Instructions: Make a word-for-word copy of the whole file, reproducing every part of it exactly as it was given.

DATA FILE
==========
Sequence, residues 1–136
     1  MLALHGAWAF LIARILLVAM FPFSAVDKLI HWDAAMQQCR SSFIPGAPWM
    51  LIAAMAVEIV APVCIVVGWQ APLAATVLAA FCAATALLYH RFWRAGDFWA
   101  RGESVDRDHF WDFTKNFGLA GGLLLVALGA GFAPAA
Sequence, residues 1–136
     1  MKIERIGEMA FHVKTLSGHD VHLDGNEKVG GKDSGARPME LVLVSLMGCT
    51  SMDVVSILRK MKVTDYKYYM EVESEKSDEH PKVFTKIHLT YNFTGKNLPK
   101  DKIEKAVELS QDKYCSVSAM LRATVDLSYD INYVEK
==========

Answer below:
Sequence, residues 1–136
     1  MLALHGAWAF LIARILLVAM FPFSAVDKLI HWDAAMQQCR SSFIPGAPWM
    51  LIAAMAVEIV APVCIVVGWQ APLAATVLAA FCAATALLYH RFWRAGDFWA
   101  RGESVDRDHF WDFTKNFGLA GGLLLVALGA GFAPAA
Sequence, residues 1–136
     1  MKIERIGEMA FHVKTLSGHD VHLDGNEKVG GKDSGARPME LVLVSLMGCT
    51  SMDVVSILRK MKVTDYKYYM EVESEKSDEH PKVFTKIHLT YNFTGKNLPK
   101  DKIEKAVELS QDKYCSVSAM LRATVDLSYD INYVEK